Home > Congress, Tech > Baucus and the .xxx domain

Baucus and the .xxx domain

February 13, 2006 Leave a comment Go to comments

Wulfgar had about the same reaction I did when reading Baucus’s opinion piece (or was it a letter? I haven’t seen a paper copy) in the Chronicle today.

One of the things that really struck me was the strange idea that a .xxx domain will hinder online predators. As Wulfgar says, Yahoo chatrooms are not going to be moved to the .xxx domain. Neither are places like MySpace. So what does that leave for cyber crime? Kids stumbling randomly upon a porn site? I’m not sure that’s cyber crime. Still, it’s certainly something to be concerned about, but is it big enough to require a change on the scale Baucus is proposing? I don’t think so. I don’t see why current filters and simple supervision aren’t sufficient. I don’t think creating an .xxx domain for adult sites is a bad idea, but the mandatory part seems like an unwieldy solution to a fairly small problem.

This whole thing strikes me as the same as this corporate takeover of the Internet we’ve been hearing about, too. It’s not as disconcerting, but it’s the same idea. Rather than allowing us to choose the content we want freely, we’re pressured into choosing certain companies or staying away from types of content. Considering the Internet is such a valuable resource because of the open sharing of information, that can only be a bad thing.

Another thing I find interesting is that the porn industry and the religious right are on the same side. Focus on the Family opposes the domain because it’s sort of an approval of porn:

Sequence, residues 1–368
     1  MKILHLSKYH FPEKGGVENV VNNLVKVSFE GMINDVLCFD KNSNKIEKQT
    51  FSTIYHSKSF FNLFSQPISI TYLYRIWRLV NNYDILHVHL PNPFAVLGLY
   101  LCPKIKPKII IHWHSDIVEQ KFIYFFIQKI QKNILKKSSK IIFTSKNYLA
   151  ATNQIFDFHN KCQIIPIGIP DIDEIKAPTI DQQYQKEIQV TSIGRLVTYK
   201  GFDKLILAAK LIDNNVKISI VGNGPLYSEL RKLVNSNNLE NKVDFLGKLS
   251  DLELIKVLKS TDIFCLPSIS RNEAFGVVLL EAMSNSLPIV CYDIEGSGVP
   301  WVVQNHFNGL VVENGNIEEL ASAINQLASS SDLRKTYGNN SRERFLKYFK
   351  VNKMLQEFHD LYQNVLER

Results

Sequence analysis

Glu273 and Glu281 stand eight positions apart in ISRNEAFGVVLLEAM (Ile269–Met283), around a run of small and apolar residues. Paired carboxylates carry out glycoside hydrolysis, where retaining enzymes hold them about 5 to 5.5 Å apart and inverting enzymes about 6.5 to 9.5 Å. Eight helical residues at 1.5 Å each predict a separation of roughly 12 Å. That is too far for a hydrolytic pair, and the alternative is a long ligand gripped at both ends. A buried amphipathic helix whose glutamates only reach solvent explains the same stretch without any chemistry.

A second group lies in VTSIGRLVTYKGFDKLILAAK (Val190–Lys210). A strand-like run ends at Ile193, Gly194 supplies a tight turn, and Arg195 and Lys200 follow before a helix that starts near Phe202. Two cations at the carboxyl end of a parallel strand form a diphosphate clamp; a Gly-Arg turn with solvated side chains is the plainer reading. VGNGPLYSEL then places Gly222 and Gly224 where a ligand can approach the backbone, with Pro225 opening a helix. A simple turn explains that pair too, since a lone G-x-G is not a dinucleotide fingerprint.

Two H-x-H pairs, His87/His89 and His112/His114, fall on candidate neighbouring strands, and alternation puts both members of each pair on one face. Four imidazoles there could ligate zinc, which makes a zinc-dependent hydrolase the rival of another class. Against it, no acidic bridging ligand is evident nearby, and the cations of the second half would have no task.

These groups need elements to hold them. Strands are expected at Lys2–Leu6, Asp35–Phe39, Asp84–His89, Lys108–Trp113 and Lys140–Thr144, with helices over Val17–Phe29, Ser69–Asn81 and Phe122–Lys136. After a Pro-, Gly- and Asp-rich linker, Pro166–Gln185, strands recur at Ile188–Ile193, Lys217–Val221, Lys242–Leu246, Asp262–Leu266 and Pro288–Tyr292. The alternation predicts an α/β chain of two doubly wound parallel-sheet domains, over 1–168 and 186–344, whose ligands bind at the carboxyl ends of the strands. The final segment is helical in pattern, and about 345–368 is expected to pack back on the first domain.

Daniel Weiss, senior analyst for media and sexuality at Focus on the Family Action, added that a top-level domain dedicated to pornography does little more than lend legitimacy and credibility to a vile and largely illegal industry.

Vile I tell you, vile! I’m not sure exactly why the porn industry generally isn’t in favor of it. Maybe just that it’s regulation of their industry. The idea of singling out one type of speech for regulation is probably a sticking point for an industry that relies on a broad right to free speech.

Some of Baucus’s other ideas aren’t bad. Maybe overkill, but not bad. Age-verification software is about as much as I’m willing to tolerate as far as regulating this area. Educational initiatives are probably a good idea.

Finally, I saw something strange in that Focus on the Family article:

While some say a designated dot-xxx domain would enable parents to easily filter out pornographic Web sites, David Burt, public relations manager at Secure Computing Corp., said that while it sounds simple, it would significantly complicate and multiply the job of filtering companies.

He explained that for every Web site address in the familiar, http://www.WebsiteName.com, format, there is a corresponding numerical address, called the Internet Protocol or IP address—which is what computers actually use to find their way around the Web.

“The bottom line is that .xxx won’t make our jobs any easier,” Burt said. “because, in addition to blocking the http://www.porn-site.xxx, we will have to block the numeric IP as well.”

I don’t really understand the problem here. As far as I know, the problem filters have to solve is blocking the correct sites. I’m not sure why that necessarily involves the IP address, but if you have to do that already, fine. A .xxx domain will give a clear indication that the site is unsuitable. There would be no need to check the content of the site and there wouldn’t be any false positives (ignoring the definitional issues here). In any case, couldn’t the filter just block the domain name from resolving? Maybe I’m just confused.

Categories: Congress, Tech
  1. February 13, 2006 at 8:23 pm

    That’s why the guy is in PR and not programming. The Domain Name Server takes care of the resolution of the name into an IP address. Using the name is a better solution because many web hosting services don’t issue permanent IP addresses if they can avoid it, so many sites can’t be blocked using a numeric address.

    If this guy’s company is relying on fixed IP addresses their users may be in for some unpleasant surprises.

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